From LCS playoffs to teamless, ex-Cloud9 Isles is eager to prove his worth

Declan Mclaughlin
Isles on Cloud9 competing in front of a crowd for the first timeTina Jo for ESPAT

In Cloud9’s NA LCS second playoff match of the 2022 spring split, Australian support Jonah ‘Isles’ Rosario walked onto the stage behind the rest of his team, grinning from ear to ear.

It was his first time experiencing a crowd in his young esports career, and he seemed to enjoy it as the fans welcomed him to the stage. His smile could be seen even as the camera for the broadcast zoomed out to show his opponents at the time, Golden Guardians, entering from behind the scenes.

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The 21-year-old support had risen to prominence in the Oceanic Pro League as the world was starting to shut down. He also attended the 2020 League of Legends World Championship, which did not have fans until the grand final.

In only his fifth appearance in the main squad (he previously stood in for the team in LCS Lock In), the Cloud9 Academy player helped his team secure first blood in the series in a fight next to dragon.

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He protected his jungler, stunning enemies that encroached on the low-health teammate, and turned around to attack the enemy as Cloud9 went on the offensive to secure two kills and jump out to a solid lead.

“You can actually hear the crowd screaming,” Isles said in an interview with Dexerto. “It’s a really big rush. It’s really exciting when it happens.”

Cloud9 together on stage at NA LCS in front of fansTina Jo for ESPAT
Cloud9 also changed coaches at the start of the split.

Isles was plucked out of the academy team and given the opportunity to play in front of a crowd after Cloud9 had taken a 0-3 beating in the first round of the playoffs to eventual runners-up 100 Thieves.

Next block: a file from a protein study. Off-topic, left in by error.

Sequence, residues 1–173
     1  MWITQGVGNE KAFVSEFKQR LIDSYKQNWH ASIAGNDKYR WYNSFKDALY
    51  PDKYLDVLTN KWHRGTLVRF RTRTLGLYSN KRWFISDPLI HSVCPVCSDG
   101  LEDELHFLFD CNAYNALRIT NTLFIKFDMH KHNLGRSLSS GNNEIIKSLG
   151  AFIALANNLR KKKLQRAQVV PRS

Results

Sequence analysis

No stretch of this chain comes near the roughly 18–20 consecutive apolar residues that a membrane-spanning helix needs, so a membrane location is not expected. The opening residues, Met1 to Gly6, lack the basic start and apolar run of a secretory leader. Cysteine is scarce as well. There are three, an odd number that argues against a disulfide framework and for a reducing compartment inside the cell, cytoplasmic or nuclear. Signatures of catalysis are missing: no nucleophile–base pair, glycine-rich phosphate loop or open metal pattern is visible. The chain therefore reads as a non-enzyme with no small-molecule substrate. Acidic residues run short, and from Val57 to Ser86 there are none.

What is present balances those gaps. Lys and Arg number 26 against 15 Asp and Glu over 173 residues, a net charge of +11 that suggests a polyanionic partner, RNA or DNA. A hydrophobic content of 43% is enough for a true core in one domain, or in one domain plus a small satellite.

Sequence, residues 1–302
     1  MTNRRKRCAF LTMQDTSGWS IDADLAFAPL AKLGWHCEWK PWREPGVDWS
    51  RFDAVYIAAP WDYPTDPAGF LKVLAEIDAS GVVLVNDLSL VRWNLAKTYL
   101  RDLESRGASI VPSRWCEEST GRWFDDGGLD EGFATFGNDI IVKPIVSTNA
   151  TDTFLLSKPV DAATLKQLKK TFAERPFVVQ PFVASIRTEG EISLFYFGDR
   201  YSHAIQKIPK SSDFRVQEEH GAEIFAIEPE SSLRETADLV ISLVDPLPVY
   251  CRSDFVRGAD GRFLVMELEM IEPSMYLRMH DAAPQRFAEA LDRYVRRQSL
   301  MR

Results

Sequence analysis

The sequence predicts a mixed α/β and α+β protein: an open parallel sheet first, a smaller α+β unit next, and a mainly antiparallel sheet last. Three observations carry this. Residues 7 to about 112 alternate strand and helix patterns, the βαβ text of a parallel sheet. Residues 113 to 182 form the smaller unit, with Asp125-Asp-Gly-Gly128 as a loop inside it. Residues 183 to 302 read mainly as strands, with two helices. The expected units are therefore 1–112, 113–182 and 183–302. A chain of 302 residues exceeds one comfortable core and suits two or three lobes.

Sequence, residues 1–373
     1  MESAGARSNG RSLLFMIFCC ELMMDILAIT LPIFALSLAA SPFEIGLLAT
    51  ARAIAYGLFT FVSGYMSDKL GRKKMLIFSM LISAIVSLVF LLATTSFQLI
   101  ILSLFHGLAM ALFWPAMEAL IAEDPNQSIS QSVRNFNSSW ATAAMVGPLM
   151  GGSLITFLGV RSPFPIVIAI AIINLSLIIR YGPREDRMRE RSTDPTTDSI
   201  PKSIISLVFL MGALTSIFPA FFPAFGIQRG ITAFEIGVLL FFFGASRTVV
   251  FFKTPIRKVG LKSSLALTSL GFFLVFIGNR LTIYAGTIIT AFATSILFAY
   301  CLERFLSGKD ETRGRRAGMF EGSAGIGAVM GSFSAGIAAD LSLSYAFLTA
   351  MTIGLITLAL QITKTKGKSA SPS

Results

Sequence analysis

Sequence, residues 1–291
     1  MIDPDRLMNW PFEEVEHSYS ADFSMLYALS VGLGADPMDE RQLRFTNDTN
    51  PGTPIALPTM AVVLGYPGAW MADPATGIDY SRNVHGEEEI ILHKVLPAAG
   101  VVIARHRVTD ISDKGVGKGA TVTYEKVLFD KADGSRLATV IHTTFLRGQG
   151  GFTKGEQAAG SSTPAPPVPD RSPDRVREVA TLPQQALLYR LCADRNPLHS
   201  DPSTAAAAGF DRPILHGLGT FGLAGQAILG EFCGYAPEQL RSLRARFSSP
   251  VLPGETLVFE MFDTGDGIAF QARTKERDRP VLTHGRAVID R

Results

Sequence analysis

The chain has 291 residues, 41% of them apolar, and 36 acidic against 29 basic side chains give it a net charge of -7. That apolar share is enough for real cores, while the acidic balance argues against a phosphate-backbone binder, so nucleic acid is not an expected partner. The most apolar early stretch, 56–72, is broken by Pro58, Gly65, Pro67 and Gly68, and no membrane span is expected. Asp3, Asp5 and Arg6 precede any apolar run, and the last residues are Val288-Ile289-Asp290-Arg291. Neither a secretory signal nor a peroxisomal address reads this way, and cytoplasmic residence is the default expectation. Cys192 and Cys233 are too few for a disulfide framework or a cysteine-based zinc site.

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The team had performed better in scrims with the Oceanic support and the communication had been more fluid, Cloud9’s coach Maxwell Alexander ‘Max Waldo’ Waldo said in an update before the team’s match against Golden Guardians.

Cloud9 would take the series 3-0 and go on to play Evil Geniuses, the eventual LCS Mid-Season Invitational representative, losing 0-3.

About a week after dropping out of playoffs and getting a taste of the top tier of competition in North America, Isles was told Cloud9 was dropping him from one of the organization’s managers.

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Isles dropped from Cloud9 after playoffs

The young player had joined the team during the middle of a global health crisis near the end of 2020 and was dropped about two years later, alongside Park ‘Summit’ Woo-tae and Kim ‘Winsome’ Dong-keon, with little explanation.

“[The manager] told me basically that C9 was looking to make a change and that was pretty much it,” Isles said. “They didn’t give me more information than that… pretty much all they said was they want to make a move, I wasn’t really given any reason as to why directly. I wasn’t debriefed by any of the coaches or anything like that.”

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Isles finds himself out of a job right in the middle of the season. He knows that his prospects of finding a team before the summer split are low.

“I think maybe I would have had a better chance to find a team at the end of the year but right now I’m not even confident that I’ll find a team.” Isles said. “Yeah, it’s not the greatest situation so far.”

Cloud9’s CEO, Jack Etienne, said in a tweet responding to fans reacting to a video of Summit that he offered each player up to other LCS orgs for nothing in return.

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Without a visa, Isles is in a race against time. Unless he finds another team, or job, he will not be allowed to stay in the United States in the coming weeks.

Currently, the support player wants to stay in North America as he has put down roots in the US. He has a girlfriend and a cat, named Penny, that he would rather not relocate across the world back home to Australia. He also has to move out of his current apartment as he can no longer afford it.